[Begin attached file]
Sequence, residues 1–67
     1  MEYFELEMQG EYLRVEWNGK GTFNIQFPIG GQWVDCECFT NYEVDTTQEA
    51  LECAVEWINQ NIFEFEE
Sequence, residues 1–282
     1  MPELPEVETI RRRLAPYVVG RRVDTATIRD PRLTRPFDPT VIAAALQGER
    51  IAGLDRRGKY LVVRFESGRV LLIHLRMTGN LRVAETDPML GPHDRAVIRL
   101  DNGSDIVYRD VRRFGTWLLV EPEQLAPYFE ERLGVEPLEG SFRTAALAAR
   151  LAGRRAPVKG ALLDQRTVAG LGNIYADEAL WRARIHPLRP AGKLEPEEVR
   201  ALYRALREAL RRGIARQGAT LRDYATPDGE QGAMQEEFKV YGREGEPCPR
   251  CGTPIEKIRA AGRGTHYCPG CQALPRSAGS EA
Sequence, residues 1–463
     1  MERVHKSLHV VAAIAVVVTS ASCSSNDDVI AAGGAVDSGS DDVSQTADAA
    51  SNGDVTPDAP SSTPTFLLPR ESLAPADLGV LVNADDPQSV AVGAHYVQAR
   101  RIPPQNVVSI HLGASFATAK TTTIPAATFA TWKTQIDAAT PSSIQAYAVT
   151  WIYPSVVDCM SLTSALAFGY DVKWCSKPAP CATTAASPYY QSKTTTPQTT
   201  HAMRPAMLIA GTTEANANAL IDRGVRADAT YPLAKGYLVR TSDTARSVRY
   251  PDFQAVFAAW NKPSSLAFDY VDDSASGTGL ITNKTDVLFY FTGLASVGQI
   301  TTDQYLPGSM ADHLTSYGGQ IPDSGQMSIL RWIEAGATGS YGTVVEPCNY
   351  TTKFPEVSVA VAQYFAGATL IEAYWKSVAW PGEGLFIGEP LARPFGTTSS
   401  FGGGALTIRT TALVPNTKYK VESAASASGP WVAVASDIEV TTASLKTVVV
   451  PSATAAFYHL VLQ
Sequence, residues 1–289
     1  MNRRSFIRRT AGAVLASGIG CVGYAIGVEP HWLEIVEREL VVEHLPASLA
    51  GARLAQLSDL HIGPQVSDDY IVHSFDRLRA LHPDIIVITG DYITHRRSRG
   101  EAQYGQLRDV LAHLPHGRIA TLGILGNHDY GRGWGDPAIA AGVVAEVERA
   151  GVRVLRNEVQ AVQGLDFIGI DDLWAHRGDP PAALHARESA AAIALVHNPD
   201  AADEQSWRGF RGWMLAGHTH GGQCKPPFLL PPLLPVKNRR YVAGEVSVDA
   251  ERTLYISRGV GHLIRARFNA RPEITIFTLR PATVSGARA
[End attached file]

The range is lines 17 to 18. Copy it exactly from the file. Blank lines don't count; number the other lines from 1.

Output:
   251  PDFQAVFAAW NKPSSLAFDY VDDSASGTGL ITNKTDVLFY FTGLASVGQI
   301  TTDQYLPGSM ADHLTSYGGQ IPDSGQMSIL RWIEAGATGS YGTVVEPCNY